A Military House Divided

Nov. 1, 1956
Military Washington is a house divided against itself. If the old adage of “divided we fall” holds true, the situation is ominous, indeed.

The article “What Kind of War?” on page 43 takes up the issue directly in terms of service desires vs. the national need. “The Ready Room” on page 912 does not mention the problem specifically, but nonetheless is part and parcel of it.

This report tells that the AF has accepted a quota of 2,500 young men in this fiscal year to serve six months of active duty and then be mustered out for 7 1/2 years of service in the AF Reserve. This, in itself, seems innocuous enough. And the fact that the AF has committed itself to accept some 4,000 more six-months’ trainees during the next fiscal year does not seem to be earth-shaking.

But this action by the Air Force represents an approach to the military manpower problem which is not only archaic but in the long run potentially dangerous.

On behalf of the Air Force, it must be said that the agreement to accept six-months’ trainees, whatever the number, was reached only after many months of all-out opposition to such a plan, months of hard and relentless pressure from the Department of Defense, represented by one of its many Assistant Secretaries, Carter L. Burgess.

It’s also true that the six-months’ trainee plan was dangled as bait before the AF with the implied threat that if they would be “good boys” and knuckle under on this, it would be easier to achieve some of the personnel requests of interest to the Air Force, which were being pigeon-holed in the Defense Department. Chief among these was the Air Technician Program—of major importance to the progress of the Air Force Reserve.

Back in our April issue we commented on this bit of blackmail. This article by Edmund F. Hogan, our Reserve Affairs Editor, concluded: “We hope the AF holds tight and refuses to make a ‘deal’ in order to get air technicians despite the obvious need for them. Once it becomes party to gangsterism, there’ll be no end to it.”

Gangsterism doesn’t look any better to us today than to it, we can only deplore the AF decision and reaffirm our opposition to the Defense Department’s supposed cure-all to our manpower ills.

In so doing, we hardly expect to be heard above the drum-beating that has been going on to sell the six-months’ military training package to the nation. Every promotion trick in the book has been applied to this one in what a national commentator has referred to as the most extensive propaganda campaign in many years.

Despite all this, the National Security Training Commission recently released a report indicating that the Fancy-Dan recruiting campaign has been something of a flop. Army spokesmen have replied that it is not as bad as all that.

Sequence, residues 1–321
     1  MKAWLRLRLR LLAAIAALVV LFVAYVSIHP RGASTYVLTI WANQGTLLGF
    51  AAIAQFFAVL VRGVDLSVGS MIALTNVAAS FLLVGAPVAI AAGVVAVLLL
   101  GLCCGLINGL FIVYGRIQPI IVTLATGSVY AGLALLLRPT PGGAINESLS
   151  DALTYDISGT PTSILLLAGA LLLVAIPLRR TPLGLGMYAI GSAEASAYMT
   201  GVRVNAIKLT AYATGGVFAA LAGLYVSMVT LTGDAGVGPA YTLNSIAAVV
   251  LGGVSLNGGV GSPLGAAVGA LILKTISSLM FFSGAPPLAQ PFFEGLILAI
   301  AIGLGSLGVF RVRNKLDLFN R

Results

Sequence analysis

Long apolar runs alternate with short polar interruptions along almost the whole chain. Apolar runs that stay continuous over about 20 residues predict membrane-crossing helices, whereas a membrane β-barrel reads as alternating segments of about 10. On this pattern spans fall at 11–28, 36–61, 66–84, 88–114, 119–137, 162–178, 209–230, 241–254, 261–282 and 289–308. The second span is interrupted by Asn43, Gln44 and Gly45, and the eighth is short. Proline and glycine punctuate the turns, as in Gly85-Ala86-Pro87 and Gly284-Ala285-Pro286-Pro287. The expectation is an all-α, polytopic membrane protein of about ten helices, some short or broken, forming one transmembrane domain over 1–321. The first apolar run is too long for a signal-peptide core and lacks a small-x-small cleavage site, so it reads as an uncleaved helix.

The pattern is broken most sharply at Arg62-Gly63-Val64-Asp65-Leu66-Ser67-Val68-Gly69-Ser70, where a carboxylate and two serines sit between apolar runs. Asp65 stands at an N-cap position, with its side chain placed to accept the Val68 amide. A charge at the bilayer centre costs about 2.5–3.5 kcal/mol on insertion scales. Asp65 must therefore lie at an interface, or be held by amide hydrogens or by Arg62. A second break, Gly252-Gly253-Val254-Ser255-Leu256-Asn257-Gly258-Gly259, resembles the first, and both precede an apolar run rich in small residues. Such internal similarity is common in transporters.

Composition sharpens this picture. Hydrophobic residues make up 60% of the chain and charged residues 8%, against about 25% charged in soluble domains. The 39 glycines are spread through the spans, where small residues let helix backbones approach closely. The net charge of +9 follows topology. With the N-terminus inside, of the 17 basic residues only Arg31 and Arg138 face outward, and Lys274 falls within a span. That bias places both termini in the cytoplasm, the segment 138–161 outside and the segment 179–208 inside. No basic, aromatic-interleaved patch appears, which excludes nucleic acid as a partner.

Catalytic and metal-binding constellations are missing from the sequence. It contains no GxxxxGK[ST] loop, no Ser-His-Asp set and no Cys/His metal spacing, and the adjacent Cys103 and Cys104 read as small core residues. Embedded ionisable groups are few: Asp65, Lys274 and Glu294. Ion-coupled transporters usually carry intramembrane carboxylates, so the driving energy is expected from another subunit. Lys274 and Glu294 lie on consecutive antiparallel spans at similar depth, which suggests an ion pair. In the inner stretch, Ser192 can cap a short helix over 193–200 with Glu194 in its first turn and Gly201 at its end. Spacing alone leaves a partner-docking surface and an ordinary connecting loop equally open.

Whatever the case, we can’t overlook the prevailing philosophy behind the program or the so-called military requirement on which it was based.

The Air Force Association minced no words on these matters in its testimony on March 3, 1955, before the House Armed Services Committee, concerning the National Reserve Plan, which provided for the six-months’ training program. The testimony was presented by AFA’s Executive Director, James H. Straubel. For the record, here are a few excerpts from this testimony:

“The question of equity is a huge one and can be easily over-simplified. Certainly, there is an equity of obligation to help defend this nation on the part of every citizen, but it need not follow that this means equity of service. The first is inherent in our way of life. The second should be dependent upon the military requirement. . . .

“Testimony on this bill indicates some lack of understanding of the Air Force’s manpower requirements. For example, take the Air Force requirement for a minimum four-year tour of duty. One major proponent of the National Reserve Plan, during testimony, in questioning the stated Air Force requirement, noted that the first World War ‘was won by men who had not been in two years, because it didn’t last that long.’ . . . There appears to be more than a little World War I thinking behind this legislation. If we gear our thinking to World War III, and ways to prevent it, and if we logically start with the military requirement, we run headlong into the needs of the active Air Force establishment. . . .”

That was the situation as AFA saw it then, and we find no reason to see it differently now. Indeed, with our new knowledge of Russia’s vast educational program to build up its scientific and technical talent, we find more reason than ever for a different national approach to the military manpower requirement.

Meanwhile, in a military house divided against itself, our policy-makers continue to take off in various directions.

One of the major manpower issues now up for decision in the Pentagon is a new salary plan for airmen technicians. The AF has presented the need, and quite adequately, we believe, for a new pay scale based on priority skills. The subject is being investigated by the Cordiner Committee. And we understand that in the inner circles the AF proposal is being strongly opposed because it does not meet the needs of the surface forces, which have far less of a requirement for skilled technicians.

If experience is any teacher, this will be cause enough to scuttle the new pay scale program. If that happens, it will be one more barrier against solving the nation’s manpower dilemma—and one more reason why we could lose a war of tomorrow in the classrooms of today.

Six months of military training—as the prerequisite for service in the Air Force, either the Regular or Reserve establishment—is an insult to one’s intelligence in this air-atomic age.